25-member Q-STAR quantum alliance to strengthen Japan’s competitive advantage



25 Japanese companies have joined forces to create a new strategic alliance to collectively advance work in quantum computing.

The Association of Founders of the Council for the Creation of New Industries through Quantum Technology was formed in May to advance preparations for the establishment of an industry council to promote initiatives in quantum technologies. On Wednesday, the companies involved officially created the council under a new name, the Quantum Strategic Industry Alliance for Revolution (Q-STAR).

“The quantum age is now approaching and expectations are rising around the world for the achievement of safe and secure lifestyles and a better society. Japan aims to position itself as a nation focused on innovation in quantum technology and to create new industries through services that capitalize on its strengths. in materials, devices, measurement technologies, computers and communications, simulations and other technologies, ”Fujitsu said in a statement on behalf of the group.

“Q-STAR will contribute to this with global leadership in promoting activities that advance science and technology in this new era, and by promoting Japanese industry and strengthening international competitiveness.

Q-STAR members include Canon, Fujitsu, Hitachi, Mitsubishi Electric Corporation, Mitsui Sumitomo Insurance Company, Mizuho Financial Group, NEC, Nippon Telegraph and Telephone Corporation, Sumitomo Corporation, Toshiba, and Toyota Motor Corporation.

The Steering Committee consists of Toshiba Chairman and CEO Satoshi Tsunakawa as Chairman, Fujitsu and CDXO Chairman and CEO Takahito Tokita, Hitachi Executive Chairman and CEO Toshiaki Higashihara, Chairman- Managing Director of Mitsubishi Chemical Corporation, Masayuki Waga, Chairman of the Board of NEC, Nobuhiro Endo, Nippon Chairman of the Board of Directors Hiromichi Shinohara and Chairman of the Board of Toyota Takeshi Uchiyamada.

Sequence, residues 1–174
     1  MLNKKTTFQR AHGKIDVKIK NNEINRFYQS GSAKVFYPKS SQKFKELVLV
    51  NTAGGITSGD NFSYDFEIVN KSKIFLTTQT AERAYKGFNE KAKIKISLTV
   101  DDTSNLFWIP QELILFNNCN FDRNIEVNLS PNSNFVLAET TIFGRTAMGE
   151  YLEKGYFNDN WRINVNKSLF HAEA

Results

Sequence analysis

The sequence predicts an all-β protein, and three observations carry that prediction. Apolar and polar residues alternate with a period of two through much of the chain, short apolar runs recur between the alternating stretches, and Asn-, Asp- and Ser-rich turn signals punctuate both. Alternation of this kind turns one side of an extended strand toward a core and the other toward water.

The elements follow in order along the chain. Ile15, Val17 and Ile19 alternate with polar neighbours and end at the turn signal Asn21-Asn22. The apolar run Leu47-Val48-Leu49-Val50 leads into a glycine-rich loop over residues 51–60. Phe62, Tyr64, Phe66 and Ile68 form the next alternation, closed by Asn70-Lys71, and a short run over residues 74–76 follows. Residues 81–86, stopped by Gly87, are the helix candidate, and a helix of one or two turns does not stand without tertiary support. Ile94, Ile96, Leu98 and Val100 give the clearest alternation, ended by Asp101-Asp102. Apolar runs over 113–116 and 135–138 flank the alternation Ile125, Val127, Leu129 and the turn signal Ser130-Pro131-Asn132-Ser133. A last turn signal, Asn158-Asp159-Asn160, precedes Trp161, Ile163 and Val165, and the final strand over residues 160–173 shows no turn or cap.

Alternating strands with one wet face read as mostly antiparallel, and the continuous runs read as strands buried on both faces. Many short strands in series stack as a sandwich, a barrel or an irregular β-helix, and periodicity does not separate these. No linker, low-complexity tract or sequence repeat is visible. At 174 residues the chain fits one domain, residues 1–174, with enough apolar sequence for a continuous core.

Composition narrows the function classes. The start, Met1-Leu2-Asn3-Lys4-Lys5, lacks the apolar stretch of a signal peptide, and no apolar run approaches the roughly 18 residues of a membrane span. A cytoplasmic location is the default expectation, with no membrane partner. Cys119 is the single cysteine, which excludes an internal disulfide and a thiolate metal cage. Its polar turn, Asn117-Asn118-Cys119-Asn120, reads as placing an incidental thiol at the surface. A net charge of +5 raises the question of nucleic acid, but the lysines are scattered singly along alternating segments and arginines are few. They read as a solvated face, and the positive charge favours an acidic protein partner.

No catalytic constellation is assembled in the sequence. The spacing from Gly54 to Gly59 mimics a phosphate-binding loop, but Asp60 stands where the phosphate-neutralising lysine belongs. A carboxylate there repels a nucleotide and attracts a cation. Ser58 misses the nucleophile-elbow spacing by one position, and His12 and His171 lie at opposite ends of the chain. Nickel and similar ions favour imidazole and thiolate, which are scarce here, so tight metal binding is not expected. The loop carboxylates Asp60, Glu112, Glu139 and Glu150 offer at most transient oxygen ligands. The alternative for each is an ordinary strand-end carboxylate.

They will be responsible for studying and researching trends in quantum technology, as well as proposing industrial applications of the technology in several fields; investigate and examine quantum technologies; make a proposal for the required human resources; examine systems and rules; and collaborate with quantum related organizations in Japan and abroad.

Q-STAR also has sub-committees that will focus on applications of quantum wave theory and quantum probability, applications of quantum superposition, optimization and combinatorial problems, as well as quantum cryptography and quantum communications.

“Q-STAR will invite participation from various industries that support its goals and initiatives, and will work with industry, academia and government to promote initiatives that apply new technologies and establish related technology platforms,” Fujitsu said. .

On Thursday, Fujitsu also announced that its simulated quantum computer is now being used by a major global shipping company to optimize the loading of its cargo ships.

Nippon Yusen Kabushiki Kaisha (NYK) introduced Fujitsu’s quantum-inspired digital annealing technology with the goal of streamlining complex stowage planning for car carriers.

“The Digital Annealer will play a role in automating aspects of the tie-down planning process for NYK’s dedicated car carriers, an extremely complex task involving a large number of possible tie-down patterns depending on the number of vehicles. loaded, vehicle models and the number of ports called along the sea route, ”Fujitsu explained.

After successful initial testing, Fujitsu and NYK launched a real-world operational trial of the technology with the goal of starting large-scale operational use in April 2022.

QUANTUM NEWS

Quantum computers could threaten the security of the blockchain. These new defenses could be the answer

To protect sensitive data from future quantum computers, new security protocols will be needed. This blockchain is getting ready.

Google says it created a time crystal in a quantum computer, and it’s stranger than you might imagine

In what may be the first useful application of quantum computing, scientists at Google have demonstrated the existence of a new phase of matter.

Quantum computing’s next big challenge: a quantum skills shortage

Increasing the number of qubits and improving error correction is hard enough. But quantum computing companies are finding that one of the biggest challenges might be finding the right people to do it.

What is quantum computing? Everything you need to know about the strange world of quantum computers

Google, IBM, Microsoft, Amazon are all looking at it, but quantum computing is still largely unknown. That’s all you need to know about the next stage of IT, and everything it could unlock.


Previous Jammu has great export potential for basmati rice: Agriculture Director
Next Amazon Founder Jeff Bezos Makes Personal Donation to Habitat for Humanity Maui